Every region has its own distinctive vine varieties, as well as cultural, gastronomic and wine making traditions.

Food matching

Think of Georgian wines as similar to sherry - versatile, complex and food-friendly, they match well with salty cheese and dried hams.

The Wines

From lighter to richer, starting in western Georgia with its cooler climate due to higher altitude

The Whites

Solomone - Tsitska, Tsolikouri, Krakhuna 2020  Tsitska, Tsolikouri, Krakhuna 12.3% (Seeking importer)

qvevri-made wine, using indigenous Imeretian varieties; winery founded in 2010, 2019 was the first vintage released; Imeretian qvevri, called churi, are smaller leading to a lower fermenting temperature and only about 20% - 30% of grape skins are included with skins for a lighter wine

naturally clear, it is unfined and unfiltered

vibrant fruit; fresh and saline with lovely grapefruit acidity and green banana flavours; delicate, textured and intense 

Churi Chinebuli - Churi Chinebuli 2018 Krakhuna 13% (£15 approx, Imported by Degustate.co.uk)

varietal Krakhuna from a young winery, founded by Dr Giga Gotsadze; churi-made wine with two months on the lees in stainless steel, indigenous Imeretian variety

floral and textured with yellow stone fruit, apricot-skin flavours and a rich savouriness; graceful 

Koncho & Company - Mtsvivani Kakhuri 2017 Mtsvivani 14% (Seeking Importer)

from a large producer; non-qvevri wine, fermented in stainless steel and aged on lees on oak for 12m

bruised apple flesh, cidery with savoury creamy leesiness and exotic tropical fruit; warming and rich

Matrobela Wines - Kisi Qvevri 2019 Kisi 13% (£20, Imported by www.tasteofgeorgia.co.uk)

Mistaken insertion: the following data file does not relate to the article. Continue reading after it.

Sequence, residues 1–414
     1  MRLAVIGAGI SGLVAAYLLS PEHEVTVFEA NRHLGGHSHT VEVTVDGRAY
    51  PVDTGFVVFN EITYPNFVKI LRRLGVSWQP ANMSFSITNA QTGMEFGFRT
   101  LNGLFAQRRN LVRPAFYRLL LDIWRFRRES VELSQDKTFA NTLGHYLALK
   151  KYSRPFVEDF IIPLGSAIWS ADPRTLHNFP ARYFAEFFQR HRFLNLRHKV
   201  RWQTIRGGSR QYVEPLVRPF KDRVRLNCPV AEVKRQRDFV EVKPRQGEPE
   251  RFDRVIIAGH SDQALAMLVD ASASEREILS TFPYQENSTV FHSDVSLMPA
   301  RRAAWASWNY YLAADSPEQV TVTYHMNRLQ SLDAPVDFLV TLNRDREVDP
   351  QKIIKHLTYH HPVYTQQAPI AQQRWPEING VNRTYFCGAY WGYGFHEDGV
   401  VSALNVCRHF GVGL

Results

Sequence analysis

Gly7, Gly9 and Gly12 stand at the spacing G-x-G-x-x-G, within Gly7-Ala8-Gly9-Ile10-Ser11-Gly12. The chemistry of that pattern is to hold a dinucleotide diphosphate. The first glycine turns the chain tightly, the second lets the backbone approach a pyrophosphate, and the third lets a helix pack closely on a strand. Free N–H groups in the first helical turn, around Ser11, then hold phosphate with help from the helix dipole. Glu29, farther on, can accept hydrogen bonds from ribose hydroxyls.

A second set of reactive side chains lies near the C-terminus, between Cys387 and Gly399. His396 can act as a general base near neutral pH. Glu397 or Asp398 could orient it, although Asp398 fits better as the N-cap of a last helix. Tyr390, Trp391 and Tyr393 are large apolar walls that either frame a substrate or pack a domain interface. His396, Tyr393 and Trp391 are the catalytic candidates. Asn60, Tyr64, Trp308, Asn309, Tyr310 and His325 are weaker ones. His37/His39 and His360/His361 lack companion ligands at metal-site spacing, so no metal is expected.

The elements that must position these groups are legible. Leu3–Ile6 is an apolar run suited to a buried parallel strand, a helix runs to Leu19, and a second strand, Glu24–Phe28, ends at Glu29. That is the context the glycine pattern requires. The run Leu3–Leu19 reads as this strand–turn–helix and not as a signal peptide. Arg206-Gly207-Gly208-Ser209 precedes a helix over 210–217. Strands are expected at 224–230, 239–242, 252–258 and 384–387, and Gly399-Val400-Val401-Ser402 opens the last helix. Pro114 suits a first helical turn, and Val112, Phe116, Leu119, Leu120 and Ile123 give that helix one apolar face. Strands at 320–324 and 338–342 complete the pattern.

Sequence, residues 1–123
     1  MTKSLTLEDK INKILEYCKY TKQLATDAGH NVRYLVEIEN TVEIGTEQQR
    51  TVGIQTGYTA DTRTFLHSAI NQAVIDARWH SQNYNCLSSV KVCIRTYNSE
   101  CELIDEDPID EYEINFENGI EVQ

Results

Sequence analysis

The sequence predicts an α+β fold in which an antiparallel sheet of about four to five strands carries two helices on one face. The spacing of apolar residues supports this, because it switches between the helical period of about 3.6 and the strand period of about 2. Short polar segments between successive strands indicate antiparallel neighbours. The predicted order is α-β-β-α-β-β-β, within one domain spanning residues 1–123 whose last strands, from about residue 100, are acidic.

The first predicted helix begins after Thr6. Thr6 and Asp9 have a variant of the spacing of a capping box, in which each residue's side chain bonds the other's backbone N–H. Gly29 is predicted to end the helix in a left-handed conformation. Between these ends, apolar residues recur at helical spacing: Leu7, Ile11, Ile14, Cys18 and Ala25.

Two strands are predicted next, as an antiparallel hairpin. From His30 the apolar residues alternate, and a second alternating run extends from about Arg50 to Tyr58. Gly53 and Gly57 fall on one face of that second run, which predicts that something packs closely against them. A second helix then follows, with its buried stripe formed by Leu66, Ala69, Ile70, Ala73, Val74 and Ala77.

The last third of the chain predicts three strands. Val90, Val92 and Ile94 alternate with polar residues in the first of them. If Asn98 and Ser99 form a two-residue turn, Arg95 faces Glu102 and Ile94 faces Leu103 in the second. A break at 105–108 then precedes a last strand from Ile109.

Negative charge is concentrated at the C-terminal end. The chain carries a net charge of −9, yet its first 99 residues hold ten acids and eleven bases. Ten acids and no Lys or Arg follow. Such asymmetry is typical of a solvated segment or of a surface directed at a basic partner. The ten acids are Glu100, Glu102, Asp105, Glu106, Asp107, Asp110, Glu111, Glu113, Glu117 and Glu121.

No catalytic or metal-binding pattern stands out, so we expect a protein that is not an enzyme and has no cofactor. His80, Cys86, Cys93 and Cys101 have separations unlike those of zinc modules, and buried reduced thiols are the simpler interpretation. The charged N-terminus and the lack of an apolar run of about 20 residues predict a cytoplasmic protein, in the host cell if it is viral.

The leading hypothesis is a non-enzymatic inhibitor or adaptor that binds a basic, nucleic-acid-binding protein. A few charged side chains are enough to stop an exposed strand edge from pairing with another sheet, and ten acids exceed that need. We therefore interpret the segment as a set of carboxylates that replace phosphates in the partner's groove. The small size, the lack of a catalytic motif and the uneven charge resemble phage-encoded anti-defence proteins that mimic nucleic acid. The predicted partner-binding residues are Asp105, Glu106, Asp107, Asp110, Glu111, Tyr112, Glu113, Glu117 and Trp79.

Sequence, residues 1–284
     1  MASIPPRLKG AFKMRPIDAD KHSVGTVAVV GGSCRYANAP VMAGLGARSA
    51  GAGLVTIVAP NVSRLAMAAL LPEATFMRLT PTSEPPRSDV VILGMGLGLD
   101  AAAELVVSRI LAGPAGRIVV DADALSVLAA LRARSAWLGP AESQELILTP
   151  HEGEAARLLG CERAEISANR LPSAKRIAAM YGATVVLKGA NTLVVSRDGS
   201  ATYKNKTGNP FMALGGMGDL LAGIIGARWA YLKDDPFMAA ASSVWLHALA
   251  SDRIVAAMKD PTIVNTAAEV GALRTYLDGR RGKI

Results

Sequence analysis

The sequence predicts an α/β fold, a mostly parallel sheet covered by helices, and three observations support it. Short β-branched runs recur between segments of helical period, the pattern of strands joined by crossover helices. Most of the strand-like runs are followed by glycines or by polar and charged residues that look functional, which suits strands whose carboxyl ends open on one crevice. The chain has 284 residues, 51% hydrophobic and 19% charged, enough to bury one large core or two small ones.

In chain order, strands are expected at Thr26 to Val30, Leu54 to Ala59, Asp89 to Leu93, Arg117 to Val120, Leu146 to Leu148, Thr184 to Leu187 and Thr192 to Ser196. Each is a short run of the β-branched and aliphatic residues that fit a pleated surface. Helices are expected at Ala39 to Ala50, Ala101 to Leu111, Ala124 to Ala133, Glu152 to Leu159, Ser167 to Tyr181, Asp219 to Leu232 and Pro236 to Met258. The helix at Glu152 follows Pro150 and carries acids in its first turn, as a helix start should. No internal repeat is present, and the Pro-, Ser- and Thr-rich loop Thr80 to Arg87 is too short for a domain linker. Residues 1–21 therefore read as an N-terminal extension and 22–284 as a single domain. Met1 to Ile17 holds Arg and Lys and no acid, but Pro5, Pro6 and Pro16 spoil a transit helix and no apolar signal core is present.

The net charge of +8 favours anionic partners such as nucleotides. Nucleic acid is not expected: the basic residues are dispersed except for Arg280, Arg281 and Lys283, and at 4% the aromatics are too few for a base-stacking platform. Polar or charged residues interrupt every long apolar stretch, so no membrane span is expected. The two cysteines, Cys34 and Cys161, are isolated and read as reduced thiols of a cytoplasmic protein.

family winery, founded in 2015 by a professor of languages, using one of Georgia's most talent young winemaker; native Kisi grape variety native to Kakheti with 100% of skins in qvevri with 6m aging on skins

bright amber, fragrant with crunchy green apple and bruised fruit flavours; grippy, well-integrated white-tea tannins, fuller and more substantial

Amber wines

Satsnakheli/Tchotiashvili Vineyards - Khikhvi 2016 Khikhvi 13% (£20, Imported by www.degustate.co.uk)

vines planted in 2002 at 450m altitude, qvevri-fermented with 8m skin contact; unfined, unfiltered, low sulphite; quasi-natural wine with high attention to detail

golden amber; aromatic, complex and evolved with dried apricots and green herbs; fresh, textured and mineral with dried yellow stone fruits and a dense, muscular core

Bolero & Company - Sabado Mtsvane Qvevri 2018 Mtsvane 13% (Seeking importer)

larger producer dating back to 1929; fermented in qvevri and aged for 6m on skins, slightly lighter Kakhetian style with a touch of RS to offset the tannins